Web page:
I think the device works for this particular pairing — because of the “lead” sleuth’s personality.
The stories are also told in first person present tense…which drives some people batty. I think the present tense helps the action clip along and is how cops tell stories. “We go into a bar. There’s this guy with a gun who has his paws all over a waitress. We pull out our service revolvers…”
JCS: Your background is in advertising. What did you learn from advertising that you apply to your work in novels? Your writing is very spare, with no wasted words or overlong descriptions. Has the art of brevity, which is key to advertising, ever been a problem when working on books?
CG: Yes. Right. We ad folks write tight. They used to tell us to keep a copy of a Hemingway book in our desks. Keep it spare and lean and don’t waste time on the stuff nobody wants to read anyway, to paraphrase Elmore Leonard who, I think, also has a background in advertising. The biggest thing I learned in advertising came from James Patterson, who was my creative director: Hit ’em with a pie in the face and once you have their attention say something smart. Remember, nobody wants to watch TV commercials or stop listening to music on the radio to hear your ad or quit flipping through Kardashian Wedding updates in People magazine to gaze upon your glorious print ad. We learned to give readers/viewers a reward for their attention. Interestingly, when I was published by Carroll & Graf, the publisher told me, “I like advertising writers. You don’t waste people’s time.” I guess that’s because we only had thirty seconds (70 words max) to grab someone’s attention and then convince them to go buy whatever Whopper we were selling that month.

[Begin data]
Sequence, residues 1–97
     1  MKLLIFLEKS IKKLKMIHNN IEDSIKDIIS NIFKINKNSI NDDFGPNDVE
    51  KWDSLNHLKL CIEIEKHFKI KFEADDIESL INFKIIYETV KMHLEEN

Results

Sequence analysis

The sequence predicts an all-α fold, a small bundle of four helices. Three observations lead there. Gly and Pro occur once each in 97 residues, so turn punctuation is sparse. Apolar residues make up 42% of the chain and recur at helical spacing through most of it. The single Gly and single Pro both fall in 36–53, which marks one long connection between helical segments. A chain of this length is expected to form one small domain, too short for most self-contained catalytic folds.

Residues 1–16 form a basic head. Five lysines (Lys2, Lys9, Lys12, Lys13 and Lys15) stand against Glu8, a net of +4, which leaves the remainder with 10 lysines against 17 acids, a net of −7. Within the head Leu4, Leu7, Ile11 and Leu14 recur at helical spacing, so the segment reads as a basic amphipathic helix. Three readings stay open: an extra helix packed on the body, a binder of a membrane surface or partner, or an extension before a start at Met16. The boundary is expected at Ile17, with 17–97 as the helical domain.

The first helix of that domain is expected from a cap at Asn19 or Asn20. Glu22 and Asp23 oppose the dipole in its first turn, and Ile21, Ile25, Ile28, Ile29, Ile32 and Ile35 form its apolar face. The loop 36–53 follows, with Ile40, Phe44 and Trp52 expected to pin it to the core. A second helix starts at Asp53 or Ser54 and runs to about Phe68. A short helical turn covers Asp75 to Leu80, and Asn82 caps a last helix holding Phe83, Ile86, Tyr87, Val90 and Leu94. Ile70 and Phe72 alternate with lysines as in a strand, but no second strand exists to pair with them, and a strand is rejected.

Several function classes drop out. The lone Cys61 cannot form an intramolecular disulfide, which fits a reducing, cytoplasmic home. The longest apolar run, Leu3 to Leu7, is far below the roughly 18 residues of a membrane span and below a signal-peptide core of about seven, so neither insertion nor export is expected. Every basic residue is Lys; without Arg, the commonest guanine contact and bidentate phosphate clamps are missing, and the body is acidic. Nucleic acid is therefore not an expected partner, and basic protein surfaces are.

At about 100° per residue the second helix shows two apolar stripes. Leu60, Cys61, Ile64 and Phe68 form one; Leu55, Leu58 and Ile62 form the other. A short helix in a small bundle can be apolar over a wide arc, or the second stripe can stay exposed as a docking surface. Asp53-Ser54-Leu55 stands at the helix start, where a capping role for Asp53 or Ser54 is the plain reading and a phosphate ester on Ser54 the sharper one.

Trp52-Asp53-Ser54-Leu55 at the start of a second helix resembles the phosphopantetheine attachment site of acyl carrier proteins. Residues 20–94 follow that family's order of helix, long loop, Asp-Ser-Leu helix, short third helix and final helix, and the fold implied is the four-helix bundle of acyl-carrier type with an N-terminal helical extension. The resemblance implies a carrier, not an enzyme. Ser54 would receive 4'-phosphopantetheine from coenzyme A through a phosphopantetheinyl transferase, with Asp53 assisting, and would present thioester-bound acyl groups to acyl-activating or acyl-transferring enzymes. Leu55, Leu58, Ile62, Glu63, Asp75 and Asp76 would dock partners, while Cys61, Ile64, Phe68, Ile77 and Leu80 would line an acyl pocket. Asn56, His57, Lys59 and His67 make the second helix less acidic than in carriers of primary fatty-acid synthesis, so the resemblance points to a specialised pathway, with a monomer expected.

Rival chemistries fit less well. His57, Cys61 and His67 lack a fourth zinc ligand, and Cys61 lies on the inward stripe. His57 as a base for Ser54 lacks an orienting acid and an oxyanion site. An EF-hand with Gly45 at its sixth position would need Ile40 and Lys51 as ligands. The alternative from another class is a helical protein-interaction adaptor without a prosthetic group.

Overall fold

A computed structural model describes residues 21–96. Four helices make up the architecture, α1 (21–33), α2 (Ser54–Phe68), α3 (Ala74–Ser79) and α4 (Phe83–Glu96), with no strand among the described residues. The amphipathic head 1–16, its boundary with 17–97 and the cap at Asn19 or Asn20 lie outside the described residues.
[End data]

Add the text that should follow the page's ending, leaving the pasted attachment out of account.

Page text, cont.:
Has it ever been a problem? I hope not. But, I try to write the kind of books I love to read: page turners that can make a transcontinental flight seem like it lasted three minutes instead of six hours.